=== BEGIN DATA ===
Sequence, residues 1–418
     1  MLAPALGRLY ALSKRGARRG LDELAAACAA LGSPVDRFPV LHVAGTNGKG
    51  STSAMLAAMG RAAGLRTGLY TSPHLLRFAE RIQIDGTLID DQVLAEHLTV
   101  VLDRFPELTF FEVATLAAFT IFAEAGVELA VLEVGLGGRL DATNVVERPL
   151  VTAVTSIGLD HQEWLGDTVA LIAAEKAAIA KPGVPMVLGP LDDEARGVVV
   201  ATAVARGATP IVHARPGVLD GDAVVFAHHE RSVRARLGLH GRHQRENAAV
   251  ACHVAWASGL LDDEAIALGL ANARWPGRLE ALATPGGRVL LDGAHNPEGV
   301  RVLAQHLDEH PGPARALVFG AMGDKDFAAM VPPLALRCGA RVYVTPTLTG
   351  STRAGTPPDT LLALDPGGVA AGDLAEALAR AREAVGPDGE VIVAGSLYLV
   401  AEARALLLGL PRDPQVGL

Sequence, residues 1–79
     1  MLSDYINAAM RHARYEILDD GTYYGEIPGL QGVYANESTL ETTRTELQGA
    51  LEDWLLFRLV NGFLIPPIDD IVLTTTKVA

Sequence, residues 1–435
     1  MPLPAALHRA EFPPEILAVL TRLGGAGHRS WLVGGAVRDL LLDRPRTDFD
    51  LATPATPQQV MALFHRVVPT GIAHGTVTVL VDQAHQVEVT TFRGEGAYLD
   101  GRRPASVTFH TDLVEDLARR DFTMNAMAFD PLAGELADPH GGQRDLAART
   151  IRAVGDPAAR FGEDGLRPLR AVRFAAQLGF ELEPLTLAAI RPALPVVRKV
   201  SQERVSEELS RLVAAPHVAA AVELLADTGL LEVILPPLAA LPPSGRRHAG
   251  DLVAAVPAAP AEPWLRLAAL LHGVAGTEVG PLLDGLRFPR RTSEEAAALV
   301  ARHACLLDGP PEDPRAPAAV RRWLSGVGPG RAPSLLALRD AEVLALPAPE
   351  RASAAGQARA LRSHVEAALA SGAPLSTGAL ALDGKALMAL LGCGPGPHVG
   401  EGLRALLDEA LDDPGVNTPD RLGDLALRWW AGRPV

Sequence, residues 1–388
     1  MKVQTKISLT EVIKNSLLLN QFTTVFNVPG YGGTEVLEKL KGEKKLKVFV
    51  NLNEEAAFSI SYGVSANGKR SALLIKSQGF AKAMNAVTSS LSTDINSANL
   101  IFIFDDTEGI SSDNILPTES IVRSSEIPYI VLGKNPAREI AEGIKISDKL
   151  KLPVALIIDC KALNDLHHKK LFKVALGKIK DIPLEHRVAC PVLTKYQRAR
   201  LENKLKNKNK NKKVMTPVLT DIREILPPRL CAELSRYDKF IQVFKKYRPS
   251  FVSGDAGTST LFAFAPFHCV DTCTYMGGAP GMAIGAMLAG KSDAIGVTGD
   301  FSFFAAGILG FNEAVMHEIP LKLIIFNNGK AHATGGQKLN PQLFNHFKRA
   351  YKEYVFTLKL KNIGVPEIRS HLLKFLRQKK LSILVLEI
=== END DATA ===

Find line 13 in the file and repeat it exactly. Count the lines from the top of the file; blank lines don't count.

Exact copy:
    51  LEDWLLFRLV NGFLIPPIDD IVLTTTKVA